Enter CakePHP – Rapid Development Framework – No Really!

Almost two months ago I mentioned that I was looking into some PHP Frameworks I must say, that I’ve procrastinated with the whole thing. Since then I’ve caught up on a few. A friend of mine tried introducing me to Code Igniter framework. I didn’t really get a good feel for it. He mentioned that it was more powerful and flexible, but I’m lazy, so I was looking for a lazy man PHP Framework.

How To Make PayPerPost and Google Adsense Play Nice – MightyAdsense Plugin Hack

MightyAdsense - Automatically Inject Ads The MightyAdsense Plugin has many useful options. You can store up to 10 different sets of ads for various locations on your blog. You can insert them into your template by calling one simple function instead of having to paste entire code snippets for the ads. Since all your code for the ads are stored in WordPress, it makes changing the format of an ad a breeze.

Web 2.0 Buttons On The Fly

Now I’ve never really been a Photoshop guy. I just don’t have an eye for that stuff, even if it may be very basic. What’s my solution? My Cool Button. This service allows you to created, not to bad if I do say so myself, Web 2.0 buttons on the fly. A lil' PHP and GD2 sure does go a long way these days.

Reader Input: What PHP Framework Do You Use?

There are a bunch of PHP frameworks, too many if you ask me. I’ve tinkered around with CakePHP, Zend Framework, and Code Igniter. I’m curious to know what you guys have been using and what you find quick and easy. What do you look for in a PHP Framework? What Do You Look for in a PHP Framework? Quick and Easy (56%, 14 Votes) <li> Less Code Needed <small>(16%, 4 Votes)</small><div class="pollbar" style="width: 16%;" title="Less Code Needed (16% | 4 Votes)"> </div> </li> <li> Small Learning Curve <small>(16%, 4 Votes)</small><div class="pollbar" style="width: 16%;" title="Small Learning Curve (16% | 4 Votes)"> </div> </li> <li> Small Footprint <small>(12%, 3 Votes)</small><div class="pollbar" style="width: 12%;" title="Small Footprint (12% | 3 Votes)"> </div> </li> </ul> <p style="text-align: center;"> Total Voters: <strong>25</strong> </p>  Loading .

Moving WordPress To A Different Domain

No, I’m not moving, not yet anyway. But Lava is. She scored a domain name which describes her blog so perfectly, that she couldn’t help but nab it up: Now what are the odds that this domain would still be lying around?

Lava finally made the big step and “moved into her own place”. Moving domains is always such a hassle, but there are a few things that make the process a little bit easier. I was the Administrator during this move and I must say it was a little bit involved, but I think I got it done.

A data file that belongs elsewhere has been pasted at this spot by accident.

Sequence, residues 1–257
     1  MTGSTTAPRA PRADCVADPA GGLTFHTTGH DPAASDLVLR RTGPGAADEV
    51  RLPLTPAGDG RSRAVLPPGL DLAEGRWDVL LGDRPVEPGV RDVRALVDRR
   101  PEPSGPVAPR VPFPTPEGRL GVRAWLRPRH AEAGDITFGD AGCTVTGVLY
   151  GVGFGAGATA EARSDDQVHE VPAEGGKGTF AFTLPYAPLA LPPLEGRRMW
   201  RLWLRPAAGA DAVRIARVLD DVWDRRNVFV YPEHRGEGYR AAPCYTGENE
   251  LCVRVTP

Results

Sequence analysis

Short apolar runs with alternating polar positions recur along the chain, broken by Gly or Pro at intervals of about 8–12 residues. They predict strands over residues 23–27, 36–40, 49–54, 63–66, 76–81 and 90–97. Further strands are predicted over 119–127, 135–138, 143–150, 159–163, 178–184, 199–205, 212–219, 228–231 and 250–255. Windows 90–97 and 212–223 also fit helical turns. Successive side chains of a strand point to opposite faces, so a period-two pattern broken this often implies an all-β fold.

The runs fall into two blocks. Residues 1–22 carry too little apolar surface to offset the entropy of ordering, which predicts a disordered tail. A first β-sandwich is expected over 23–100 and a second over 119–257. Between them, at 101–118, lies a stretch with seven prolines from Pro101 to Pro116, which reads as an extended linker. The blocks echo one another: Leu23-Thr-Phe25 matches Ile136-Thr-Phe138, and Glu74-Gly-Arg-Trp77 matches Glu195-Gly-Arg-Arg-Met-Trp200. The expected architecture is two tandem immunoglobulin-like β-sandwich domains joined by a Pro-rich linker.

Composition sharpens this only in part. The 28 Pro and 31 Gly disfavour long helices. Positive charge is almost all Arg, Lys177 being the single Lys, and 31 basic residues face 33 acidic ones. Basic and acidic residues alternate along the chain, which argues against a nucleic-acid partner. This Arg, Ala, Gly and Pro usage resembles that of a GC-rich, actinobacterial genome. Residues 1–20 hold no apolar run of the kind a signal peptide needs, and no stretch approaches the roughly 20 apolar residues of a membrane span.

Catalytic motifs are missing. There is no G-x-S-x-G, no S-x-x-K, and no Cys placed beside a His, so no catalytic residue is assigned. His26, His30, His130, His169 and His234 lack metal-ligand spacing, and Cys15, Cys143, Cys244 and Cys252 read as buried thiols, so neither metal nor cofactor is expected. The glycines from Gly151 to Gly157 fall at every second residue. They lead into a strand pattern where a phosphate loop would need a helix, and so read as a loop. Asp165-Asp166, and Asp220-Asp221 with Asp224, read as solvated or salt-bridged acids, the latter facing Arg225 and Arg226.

The Domain

The domain was purchase at Why not NetSolutions, Yahoo, GoDaddy? Because they all have great promotional deals but then it’s upward of $8 to renew every year. 1and1 has a nice flat rate of $5.99 every year.

The host remained the same, since this particular hosts allows up to 10 domains pointing to it. All the files are simply dumped in a different sub folder. I both love and hate the idea of one consolidated host. It’s easier to manage: one login one set of administration and maintenance, cheaper than several different hosts. But if one sight goes down, they all go down. If a hacker gets into one, he damn well gets into all of them. The load on all of the sites is still very small and way under the allotted bandwidth limit. Most of them are blogs using WordPress and we all know what a small physical footprint WordPress leaves behind. If any one site seems to out grow things little family what it turns 18 or something, it will definitely be kicked out of the nest onto it’s on hosting package.

Copy Files

Now this should be the simple part. You copy everything into the folder that is going to house your new blog. There are a few minor changes that you might need to make. Depending on your previous setup you may need to edit the .htaccess file and change the RewriteBase option. But I do think that WordPress will configure it for you when you set up your permalink stuff.

One change that is necessary is editing your wp_config.php file. If you’re changing databases, you need to make the changes here. If you’re not changing databases you still need to make the changes to the table prefix. I forgot to mention that we still need to keep the old database active (details to come later).

Importing Large MySQL Databases – When phpMyAdmin Let’s You Down – Get BigDump


phpMyAdmin is a beautiful tool. It let’s you administer a MySQL Database without all the messy commands. Also, some host don’t even allow you access to those messy commands. So, once again, it’s a beautiful tool. You can pull up a window and run individual SQL commands on the database or you can run an entire SQL script. It’s really great. There is a wonderful export tool that allows you to back up your Database as plain text SQL file or a file in GZip format. I have seen exported files get up to 10 MB compressed, which is over 100 MB decompressed, given that it’s just a plain text file.